Big Disney Parks Insights from 2021’s 1st Quarterly Call

Big Disney Parks Insights from 2021’s 1st Quarterly Call

The Walt Disney Company held it’s quarterly call for the first quarter. We take an in-depth look at the announcements and references made for its theme parks and beyond. We look specifically at The Walt Disney World Resort, Disneyland Resort and all parks globally. We not only share what was stated during the quarterly call, but what has been shared by leaders elsewhere. More importantly we give further insight to those announcements, and then talk about what hasn’t been shared. It’s a full podcast with much insights as to how Disney is coping during this pandemic in the theme parks. All of it lends itself to the question, when do you want to go back to Disney?

While our post outlines this topic, our podcast carries narrative of the entire experience. You can find the podcast here on PodbeaniTunesSpotifyMyTuner, and ListenNotes. Please subscribe! 

Walt Disney World Resort

What They Shared

“At Walt Disney World Resort, we’re hard at work on two brand new attractions at Epcot, Remy’s Ratatouille Adventure and the highly anticipated Marvel-themed rollercoaster, Guardians of the Galaxy: Cosmic Rewind. Work is also well under way on the all-new spectacular nighttime show, Harmonious.”

Guardians of the Galaxy: Cosmic Rewind. Image by Disney.

“This is all part of a much larger reimagining of Epcot to make it more Disney, more family friendly, more timeless and more magical. And I’m especially excited about the progress that’s been made on the new Star Wars Galactic Star Cruiser hotel at Walt Disney World. People are going to be blown away by the experience. It is truly unlike anything we’ve done before.”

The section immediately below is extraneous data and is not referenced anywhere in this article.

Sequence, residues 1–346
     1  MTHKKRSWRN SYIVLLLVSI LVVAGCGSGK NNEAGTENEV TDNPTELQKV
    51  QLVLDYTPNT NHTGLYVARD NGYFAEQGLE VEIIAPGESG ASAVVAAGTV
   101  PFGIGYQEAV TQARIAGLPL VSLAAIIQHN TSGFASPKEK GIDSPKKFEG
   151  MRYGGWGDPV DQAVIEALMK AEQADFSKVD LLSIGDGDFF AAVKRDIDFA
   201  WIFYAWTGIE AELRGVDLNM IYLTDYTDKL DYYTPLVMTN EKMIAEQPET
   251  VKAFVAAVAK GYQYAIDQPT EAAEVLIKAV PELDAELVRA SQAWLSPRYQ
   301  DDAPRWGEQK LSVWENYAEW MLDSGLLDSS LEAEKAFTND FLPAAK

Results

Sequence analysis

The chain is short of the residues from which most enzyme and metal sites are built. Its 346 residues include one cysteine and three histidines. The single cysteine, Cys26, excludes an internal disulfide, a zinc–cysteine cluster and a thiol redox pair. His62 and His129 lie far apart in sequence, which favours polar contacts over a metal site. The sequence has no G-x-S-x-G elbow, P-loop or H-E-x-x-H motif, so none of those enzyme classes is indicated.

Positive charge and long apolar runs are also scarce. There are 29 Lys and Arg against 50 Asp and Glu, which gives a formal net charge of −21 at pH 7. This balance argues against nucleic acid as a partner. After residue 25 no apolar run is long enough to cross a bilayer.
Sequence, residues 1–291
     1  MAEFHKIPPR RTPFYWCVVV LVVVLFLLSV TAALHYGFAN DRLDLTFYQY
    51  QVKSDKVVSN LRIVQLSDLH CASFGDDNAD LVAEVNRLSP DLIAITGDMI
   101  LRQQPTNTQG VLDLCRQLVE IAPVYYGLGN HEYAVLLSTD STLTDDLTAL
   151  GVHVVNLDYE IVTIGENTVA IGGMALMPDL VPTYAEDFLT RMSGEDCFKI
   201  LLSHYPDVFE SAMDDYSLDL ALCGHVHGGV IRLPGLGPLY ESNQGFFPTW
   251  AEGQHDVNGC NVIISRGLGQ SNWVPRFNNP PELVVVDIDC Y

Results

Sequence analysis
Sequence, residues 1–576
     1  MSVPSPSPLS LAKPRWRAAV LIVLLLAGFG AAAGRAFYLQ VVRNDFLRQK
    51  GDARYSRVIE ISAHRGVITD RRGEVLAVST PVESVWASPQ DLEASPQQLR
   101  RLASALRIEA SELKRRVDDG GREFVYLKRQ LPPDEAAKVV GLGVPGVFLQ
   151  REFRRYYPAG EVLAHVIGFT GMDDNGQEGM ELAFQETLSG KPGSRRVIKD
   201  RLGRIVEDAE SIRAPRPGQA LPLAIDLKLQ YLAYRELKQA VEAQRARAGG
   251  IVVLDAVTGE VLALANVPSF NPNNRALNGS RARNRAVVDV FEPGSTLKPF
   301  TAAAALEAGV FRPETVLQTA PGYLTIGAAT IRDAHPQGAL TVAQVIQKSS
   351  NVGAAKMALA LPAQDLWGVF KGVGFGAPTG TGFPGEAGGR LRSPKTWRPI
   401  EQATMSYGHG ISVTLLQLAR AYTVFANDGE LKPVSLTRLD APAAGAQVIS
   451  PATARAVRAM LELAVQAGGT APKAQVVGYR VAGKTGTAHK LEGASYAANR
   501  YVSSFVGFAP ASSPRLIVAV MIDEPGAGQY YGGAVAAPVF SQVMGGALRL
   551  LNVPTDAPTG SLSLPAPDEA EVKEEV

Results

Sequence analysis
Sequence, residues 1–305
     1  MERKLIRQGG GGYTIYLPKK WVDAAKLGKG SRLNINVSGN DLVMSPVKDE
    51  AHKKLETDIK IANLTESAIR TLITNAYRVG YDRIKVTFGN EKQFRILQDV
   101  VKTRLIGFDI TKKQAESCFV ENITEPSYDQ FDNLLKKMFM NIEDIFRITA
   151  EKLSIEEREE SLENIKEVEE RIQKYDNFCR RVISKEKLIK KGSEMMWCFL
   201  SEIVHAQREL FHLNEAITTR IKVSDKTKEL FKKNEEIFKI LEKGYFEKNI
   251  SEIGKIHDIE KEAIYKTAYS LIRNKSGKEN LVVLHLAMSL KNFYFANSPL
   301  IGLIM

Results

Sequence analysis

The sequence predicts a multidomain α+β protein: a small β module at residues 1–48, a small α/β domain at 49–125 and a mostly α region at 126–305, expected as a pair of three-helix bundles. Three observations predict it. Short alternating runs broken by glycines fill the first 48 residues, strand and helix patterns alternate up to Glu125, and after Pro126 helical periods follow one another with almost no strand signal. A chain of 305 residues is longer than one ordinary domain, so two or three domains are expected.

Star Cruiser. Image by Disney.

“And I’m especially excited about the progress that’s been made on the new Star Wars Galactic Star Cruiser hotel at Walt Disney World. People are going to be blown away by the experience. It is truly unlike anything we’ve done before.”

“At Walt Disney World, as Bob mentioned earlier, average daily attendance grew significantly from Q4 into Q1, benefiting from typical seasonality factors, as well as solid underlying demand trends. At the same time, our operations team found innovative ways to responsibly increase capacity while still maintaining rigorous COVID protocols.”

“We expect that Walt Disney world attendance in the second quarter will be impacted by typical seasonality headwinds in addition to continued COVID-related headwinds and capacity constraints. 

“Per caps were also up double digits year over year. We continue to be pleased with the rate of reservation bookings we are seeing in the current quarter. And consumer sentiment around visiting our domestic theme parks over a longer period of time remains strong. 

“I’ll address your question about capacity at the parks. You’re absolutely right that there are days, especially holiday periods, where we have to shut our parks for additional entries. Those tend to be days that the park fills up quickly and we just can’t accommodate more people.

“But that being said, we are currently operating at 35% of that full capacity. And the teams in the park, especially at Walt Disney World, have really figured out a way to be as efficient as possible in operating the park that allows us to get up to that 35% and still maintain all of the protocols for social distancing, for COVID. I think you’ll remember, when we started opening, we started at a level less than 35%, but it was the — as Bob has already mentioned, industrial engineering that we utilize and just moving people around. The other thing I’d say is when you think about the parks, it’s a combination of attendance and per caps when you’re looking at revenue.